Isolation implies that every transaction occurs in its own space, isolated from other transactions that may be occurring in the system, and that the results of a transaction are visible only once the entire sequence of events making up the transaction has been fully executed. Even though multiple transactions may be occurring simultaneously in such a system, the isolation principle ensures that the effects of a particular transaction are not visible until the transaction is fully complete.

This is particularly important when the system supports multiple simultaneous users and connections (as MySQL does); systems that do not conform to this fundamental principle can cause massive data corruption, as the integrity of each transaction’s individual space will be quickly violated by other competing, often conflicting, transactions.

Interestingly, MySQL offers the use of server-side semaphore variables that act as traffic managers to help programs manage their own isolation mechanisms. These variables are useful in cases for which you prefer not to incur the overhead of the Transaction Managers, or when a recovery plan is possible outside of the confines of log recovery. MySQL InnoDB tables offer isolation in transactions involving multiple queries, while MyISAM tables allow you to simulate isolation via the LOCK TABLES command.

 

Durability:

Durability, which means that changes from a committed transaction persist even if the system crashes, comes into play when a transaction has completed and the logs have been updated in the database. Most RDBMS products ensure data consistency by keeping a log of all activity that alters data in the database in any way. This database log keeps track of any and all updates made to tables, queries, reports, and so on. If you have turned on the database log , you already know that using it will slow down the performance of your database when it comes to writing data. (It will not, however, affect the speed of your queries.)

In MySQL, you can specify whether or not you wish to use transactions by choosing the appropriate table handlers, depending on your application. The InnoDB table handler performs logging a bit differently than BDB does, while MyISAM does not support the type of logs that would permit you to be assured of a durable database. By default, InnoDB tables are 100% durable to the last second prior to a crash. MyISAM tables offer partial durability—all changes committed to the system prior to the last FLUSH TABLES command are guaranteed to be saved to disk.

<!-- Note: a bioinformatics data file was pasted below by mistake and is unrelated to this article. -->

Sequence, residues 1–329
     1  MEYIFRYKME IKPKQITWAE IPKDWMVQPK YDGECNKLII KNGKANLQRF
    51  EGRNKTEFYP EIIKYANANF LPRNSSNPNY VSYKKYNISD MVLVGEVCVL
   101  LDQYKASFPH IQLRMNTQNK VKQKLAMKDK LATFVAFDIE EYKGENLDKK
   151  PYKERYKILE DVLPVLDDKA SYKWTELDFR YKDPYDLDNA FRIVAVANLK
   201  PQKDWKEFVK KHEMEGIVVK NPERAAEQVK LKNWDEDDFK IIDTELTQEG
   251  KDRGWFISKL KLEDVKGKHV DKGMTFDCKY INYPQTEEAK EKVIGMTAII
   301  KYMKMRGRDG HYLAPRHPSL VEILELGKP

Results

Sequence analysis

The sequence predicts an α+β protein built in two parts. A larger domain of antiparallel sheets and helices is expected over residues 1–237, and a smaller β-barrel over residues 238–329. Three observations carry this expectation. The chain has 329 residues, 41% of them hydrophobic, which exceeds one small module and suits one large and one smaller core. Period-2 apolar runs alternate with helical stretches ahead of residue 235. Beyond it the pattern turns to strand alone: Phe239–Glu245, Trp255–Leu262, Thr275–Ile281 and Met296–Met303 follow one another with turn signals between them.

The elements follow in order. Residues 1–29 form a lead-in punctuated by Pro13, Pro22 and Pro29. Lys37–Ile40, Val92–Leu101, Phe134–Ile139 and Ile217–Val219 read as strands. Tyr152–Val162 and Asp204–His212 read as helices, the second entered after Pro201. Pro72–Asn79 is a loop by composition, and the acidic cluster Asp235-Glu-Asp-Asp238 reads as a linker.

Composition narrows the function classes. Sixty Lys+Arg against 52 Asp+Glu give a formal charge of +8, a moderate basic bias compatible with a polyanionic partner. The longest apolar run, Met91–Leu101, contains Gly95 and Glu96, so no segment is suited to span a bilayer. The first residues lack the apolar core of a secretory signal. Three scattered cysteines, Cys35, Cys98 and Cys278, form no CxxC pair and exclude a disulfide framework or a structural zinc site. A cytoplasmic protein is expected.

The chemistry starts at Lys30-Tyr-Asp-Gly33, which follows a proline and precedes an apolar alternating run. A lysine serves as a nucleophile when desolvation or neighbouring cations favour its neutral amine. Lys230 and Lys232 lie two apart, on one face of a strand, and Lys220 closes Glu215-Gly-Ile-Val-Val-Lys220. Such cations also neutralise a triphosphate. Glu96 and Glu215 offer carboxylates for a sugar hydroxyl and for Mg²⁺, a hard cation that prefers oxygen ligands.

SQL Server and Oracle, for instance, are able to restore a database to a previous state by restoring a previously backed-up database and, in essence, “replaying” all subsequent transactions up until the point of failure. These database products do not encourage the direct use of—nor do they expose the inner data structures of—the log files, because those files form part of the database engine’s recovery mechanism.

MySQL also keeps a binary log of all data manipulation activity in sequential order. However, unlike the logs used in other databases, this log is easy to read, which means that it’s a relatively straightforward task to recover lost data by using the last backup in combination with the log.

 

Links:

http://www.mysql.com/

 

Note: Refer to other MySQL related posts for further knowledge.

 

Advanced Concepts:

Introduction:

Videos / Technology Talks:

What & Why?:

Installations & Configurations:

 

Tomcat Primer

December 7, 2013 1 comment

 

  

Tomcat Logo

 

 

 

Apache Origin:

Apache Tomcat (or Jakarta Tomcat or just Tomcat) is an open source servlet container started out as a reference implementation by Sun Microsystems and donated to the Apache Software Foundation (ASF). Tomcat implements the Java Servlet and the JavaServer Pages (JSP) specifications from Sun Microsystems, and provides a “pure Java” HTTP web server environment for Java code to run. Tomcat should not be confused with the Apache web server, which is a C implementation of an HTTP web server; these two web servers are not bundled together. Apache Tomcat includes tools for configuration and management, but can also be configured by editing XML configuration files.

Members of the ASF and independent volunteers develop and maintain Tomcat. Users have free access to the source code and to the binary form of Tomcat under the Apache License and hence is freely downloadable. The initial Tomcat release appeared with versions 3.0.x. Tomcat 6.0.20 is the latest production quality release of the 6.0.x trunk (based on 2.5 servlet specification).

Tomcat started off as a servlet reference implementation by James Duncan Davidson, a software architect at Sun Microsystems. He later helped make the project open source and played a key role in its donation by Sun to the Apache Software Foundation.

 

Tomcat Introduction: